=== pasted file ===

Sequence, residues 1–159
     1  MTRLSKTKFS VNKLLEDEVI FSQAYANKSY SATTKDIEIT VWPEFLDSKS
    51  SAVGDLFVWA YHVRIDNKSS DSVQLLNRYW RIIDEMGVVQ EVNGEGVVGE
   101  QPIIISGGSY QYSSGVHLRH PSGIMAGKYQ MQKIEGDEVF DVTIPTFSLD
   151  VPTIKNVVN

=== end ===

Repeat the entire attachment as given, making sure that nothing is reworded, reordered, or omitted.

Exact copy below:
Sequence, residues 1–159
     1  MTRLSKTKFS VNKLLEDEVI FSQAYANKSY SATTKDIEIT VWPEFLDSKS
    51  SAVGDLFVWA YHVRIDNKSS DSVQLLNRYW RIIDEMGVVQ EVNGEGVVGE
   101  QPIIISGGSY QYSSGVHLRH PSGIMAGKYQ MQKIEGDEVF DVTIPTFSLD
   151  VPTIKNVVN